We all have different expectations from the city we live in: foster a career, raising kids, meetings new people and culture ... and we all have different mind set and way to interact with people.

This website, through its two interfaces, is here to help you to find out which is YOUR best city among the 140 scored by the Economist Intelligence Units (EIU). Hofstede cultural parameters have been added (when available), so you can look at places that match your cultural mindset.

First create your city shortlist based on your language and cultural expectation and then drill into the details by comparing side by side cities of your top selection.

This blog have been created in the contest of the best city contest 2012 organized by buzzdata and EIU. Review the methodology followed.

Have fun!



I did not include the cost of life index, because it will need to create a new index for income / expense. Secondly in case of long term immigration assumption have been made that local wages will cover differences in cost of life between different cities.

All livability index data have been used.

Using Google refine and freebase reconciliation service, the country and official language have been added for every cities. Official language for countries with more than 3 officials language (e.g. Belgium, Switzerland, South Africa) have been striped down to relevant one (relevant of the population and / or speak in other countries.)

Hosftede culture analysis have been added to the EIU data to allow user to filter cities that match his own cultural expectation. Match have been done based on either the country, sub culture within the country when available (Canada, Belgium)  or larger cultural group (Africa and Arab countries). This have been done using Google refine cell.cross function and faceting / editing values.

Correspondance between cities, country and VSM categories can be reviewed here.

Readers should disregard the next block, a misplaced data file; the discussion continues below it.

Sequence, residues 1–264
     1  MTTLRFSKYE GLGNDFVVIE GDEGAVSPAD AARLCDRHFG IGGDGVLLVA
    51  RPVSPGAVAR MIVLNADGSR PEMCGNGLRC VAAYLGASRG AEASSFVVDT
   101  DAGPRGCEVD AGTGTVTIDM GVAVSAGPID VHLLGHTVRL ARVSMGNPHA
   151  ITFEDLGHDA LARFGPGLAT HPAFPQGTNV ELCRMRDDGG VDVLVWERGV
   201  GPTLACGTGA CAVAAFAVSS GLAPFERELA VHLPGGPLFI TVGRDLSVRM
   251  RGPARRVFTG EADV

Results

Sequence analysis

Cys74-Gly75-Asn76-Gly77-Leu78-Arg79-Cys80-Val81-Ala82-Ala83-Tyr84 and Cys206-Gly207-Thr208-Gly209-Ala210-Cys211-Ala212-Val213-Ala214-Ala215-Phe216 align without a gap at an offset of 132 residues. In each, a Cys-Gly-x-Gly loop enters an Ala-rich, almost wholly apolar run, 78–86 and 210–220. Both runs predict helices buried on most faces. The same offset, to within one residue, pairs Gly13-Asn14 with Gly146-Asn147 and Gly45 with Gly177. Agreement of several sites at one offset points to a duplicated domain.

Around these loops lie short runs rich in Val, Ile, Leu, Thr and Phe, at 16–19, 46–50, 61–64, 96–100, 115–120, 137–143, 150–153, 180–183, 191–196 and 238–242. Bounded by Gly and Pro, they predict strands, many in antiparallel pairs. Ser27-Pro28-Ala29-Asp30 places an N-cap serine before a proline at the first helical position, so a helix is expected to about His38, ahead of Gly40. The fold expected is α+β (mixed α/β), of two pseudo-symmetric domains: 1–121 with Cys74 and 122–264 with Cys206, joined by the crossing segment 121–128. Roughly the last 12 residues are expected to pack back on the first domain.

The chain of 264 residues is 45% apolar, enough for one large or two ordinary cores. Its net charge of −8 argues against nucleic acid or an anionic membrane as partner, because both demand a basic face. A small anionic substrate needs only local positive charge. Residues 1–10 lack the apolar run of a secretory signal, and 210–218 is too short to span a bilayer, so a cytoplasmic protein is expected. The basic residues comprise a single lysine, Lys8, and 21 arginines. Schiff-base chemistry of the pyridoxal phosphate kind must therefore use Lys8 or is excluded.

Data for Sri Lanka have been added from an interdependent study available on Hofstede website.

Tableau Public have been used to create the reports and different views.

I also use replace pioneer from time to time for batch editing.

VSM dimensions

Power Distance Index (PDI) 
Power Distance is defined as the extent to which the less powerful members of institutions and organizations within a society expect and accept that power is distributed unequally. A low score demonstrates flat hierarchical relationship whereas a high score indicates more rigid hierarchical relationship.

Individualism Index (IDV) 
Individualism  (high score) is the opposite of Collectivism (low score). Individualism stands for a society in which the ties between individuals are loose: a person is expected to look after himself or herself and his or her immediate family only. Collectivism stands for a society in which people from birth onwards are integrated into strong, cohesive in-groups, which continue to protect them throughout their lifetime in exchange for unquestioning loyalty.

Masculinity Index (MAS) 
Masculinity (high score) is the opposite of Femininity (low score). Masculinity stands for a society in which social gender roles are clearly distinct: men are supposed to be assertive, tough, and focused on material success; women are supposed to be more modest, tender, and concerned with the quality of life. Femininity stands for a society in which social gender roles overlap: both men and women are supposed to be modest, tender, and concerned with the quality of life.

Uncertainty Avoidance Index (UAI) 
Uncertainty Avoidance is defined as the extent to which the members of institutions and organizations within a society feel threatened by uncertain, unknown, ambiguous, or unstructured situations. The greater the score the more this feelings is important.

Long Term Orientation Index (LTO) 
Long Term Orientation (high score) is the opposite of Short Term Orientation (low score). Long Term Orientation stands for a society which fosters virtues oriented towards future rewards, in particular adaptation, perseverance and thrift. Short Term orientation stands for a society which fosters virtues related to the past and present, in particular respect for tradition, preservation of “face”, and fulfilling social obligations.

A very limited number of city have a LTO score.

Indulgence versus Restraint Index (IVR)